Atta marked the end of our forest birding; from there we headed south into the Rupununi savannah for several days of open-country birding. First up was the Caiman House, where our main targets fell quite easily: Crested Doradito gave stunning views just a few feet in front of us, Bearded Tachuri perched up in the scope, and Pinnated Bitterns flushed up from one of the few remaining wetlands. It was a very dry year in the savannah, so there weren’t a ton of waterbirds around, although we did enjoy some nice birding in scrubby forest with White-bellied Antbird and Blue-backed Manakin. We also enjoyed some time on the Rupununi River with the sleek Capped Heron and good studies of Band-tailed Nighthawk.

Our last couple days were a whirlwind of rare and local specialties. A very early departure from the Caiman House took us to the village of Karasabai, one of the last remaining strongholds of Sun Parakeet. Patience paid off, and eventually we enjoyed scope views of over twenty of these stunning birds feeding on a hillside. Awesome! The next day, we headed in the opposite direction, deeper into the savannah to look for Red Siskin. The long and bumpy ride took us to some hills near the village of Sand Creek, where our local guides instructed us to wait patiently and eventually the siskins would show up. This always causes some stress, but never fear: it didn’t take too long before a bright male Red Siskin perched atop a tree and sung his little heart out for ten minutes. Great scope views again. Phew! We then had the rest of the day to check out the sprawling savannah, where highlights included Laughing Falcon, White-barred Piculet, Sharp-tailed Ibis, Double-striped Thick-knee, Spotted Puffbird, White-fringed Antwren, and Gray and Plumbeous Seedeaters. Particularly delightful was our lunch spot at Wichabai Ranch – by far the best meal of the trip, plus a nice wetland to keep us occupied on the bird front. We topped off the day with White-naped Xenopsaris, more Bearded Tachuris, and a huge feeding aggregation of Jabiru, Wood Stork, and Maguari Stork. It was an exhausting day but very productive!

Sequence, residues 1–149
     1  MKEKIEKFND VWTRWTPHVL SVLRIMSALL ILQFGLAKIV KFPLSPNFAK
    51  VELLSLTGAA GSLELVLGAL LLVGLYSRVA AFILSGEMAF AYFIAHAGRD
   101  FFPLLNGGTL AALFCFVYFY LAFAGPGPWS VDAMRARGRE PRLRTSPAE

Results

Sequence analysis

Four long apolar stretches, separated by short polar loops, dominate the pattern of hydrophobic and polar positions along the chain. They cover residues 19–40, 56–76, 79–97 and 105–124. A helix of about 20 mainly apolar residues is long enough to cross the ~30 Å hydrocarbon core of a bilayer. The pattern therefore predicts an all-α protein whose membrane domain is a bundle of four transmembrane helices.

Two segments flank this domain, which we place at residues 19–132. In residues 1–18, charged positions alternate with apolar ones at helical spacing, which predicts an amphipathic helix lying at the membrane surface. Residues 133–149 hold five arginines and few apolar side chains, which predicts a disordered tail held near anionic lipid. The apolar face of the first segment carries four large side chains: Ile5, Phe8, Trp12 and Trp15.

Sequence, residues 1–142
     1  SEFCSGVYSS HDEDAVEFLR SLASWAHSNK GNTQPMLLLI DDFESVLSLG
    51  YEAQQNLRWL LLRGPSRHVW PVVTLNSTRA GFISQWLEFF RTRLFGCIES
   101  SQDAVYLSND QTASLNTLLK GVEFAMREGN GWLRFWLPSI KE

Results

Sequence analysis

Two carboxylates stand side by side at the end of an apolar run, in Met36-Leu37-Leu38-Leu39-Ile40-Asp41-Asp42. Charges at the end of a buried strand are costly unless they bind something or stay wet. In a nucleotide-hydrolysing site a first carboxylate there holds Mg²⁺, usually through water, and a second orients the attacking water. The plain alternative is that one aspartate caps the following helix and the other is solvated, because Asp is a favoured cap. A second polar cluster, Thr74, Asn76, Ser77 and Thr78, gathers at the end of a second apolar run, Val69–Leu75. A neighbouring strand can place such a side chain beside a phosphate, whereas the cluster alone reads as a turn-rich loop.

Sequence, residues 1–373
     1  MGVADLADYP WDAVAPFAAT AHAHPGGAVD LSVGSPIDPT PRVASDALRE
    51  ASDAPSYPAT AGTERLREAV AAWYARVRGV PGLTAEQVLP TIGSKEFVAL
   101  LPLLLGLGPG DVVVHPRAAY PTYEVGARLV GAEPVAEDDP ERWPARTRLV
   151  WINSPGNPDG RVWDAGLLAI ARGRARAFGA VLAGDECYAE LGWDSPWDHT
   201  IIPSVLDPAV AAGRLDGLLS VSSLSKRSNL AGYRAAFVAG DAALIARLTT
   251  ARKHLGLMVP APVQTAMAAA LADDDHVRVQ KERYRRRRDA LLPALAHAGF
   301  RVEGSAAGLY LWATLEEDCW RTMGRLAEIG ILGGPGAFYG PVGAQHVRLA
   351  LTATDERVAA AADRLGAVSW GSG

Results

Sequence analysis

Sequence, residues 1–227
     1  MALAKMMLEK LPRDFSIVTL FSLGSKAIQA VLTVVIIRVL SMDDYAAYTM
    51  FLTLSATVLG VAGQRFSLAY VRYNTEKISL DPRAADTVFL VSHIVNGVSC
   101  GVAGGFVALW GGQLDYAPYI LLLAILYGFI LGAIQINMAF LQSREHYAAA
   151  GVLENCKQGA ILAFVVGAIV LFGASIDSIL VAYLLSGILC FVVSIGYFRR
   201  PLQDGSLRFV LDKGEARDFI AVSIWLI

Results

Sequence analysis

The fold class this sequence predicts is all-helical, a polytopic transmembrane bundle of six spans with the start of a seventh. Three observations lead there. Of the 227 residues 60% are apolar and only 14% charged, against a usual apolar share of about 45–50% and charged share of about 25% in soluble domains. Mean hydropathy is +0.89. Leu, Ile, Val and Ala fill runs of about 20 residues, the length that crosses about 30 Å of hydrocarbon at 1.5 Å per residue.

Our tour was almost over, but one last morning of birding near Manari Ranch gave us a few final specialties. We started with the attractive and range-restricted Hoary-throated Spinetail which gave remarkably good views in the thickets. We had to search a bit harder for Rio Branco Antbird, which had apparently been quite difficult of late, but we eventually connected with a male that came within just a few feet of us as we tried to follow it sneaking around. Satisfied with the main targets (and some bonus Giant River Otters!), we made a quick stop at a wetland which held the unpredictable Masked Duck along with lots of Least and Pied-billed Grebes, Snail Kites, and Purple Gallinules.

And suddenly it was time to pack up, enjoy a final lunch at Manari Ranch, and fly back to Georgetown. Guyana never fails to disappoint with its beautiful habitat, special birds, excellent local guides and lodge staff, and tasty food. This trip surely continued that trend and I’m sure we all parted ways full of memorable experiences. Until next time!

- Luke Seitz

Created: 18 April 2020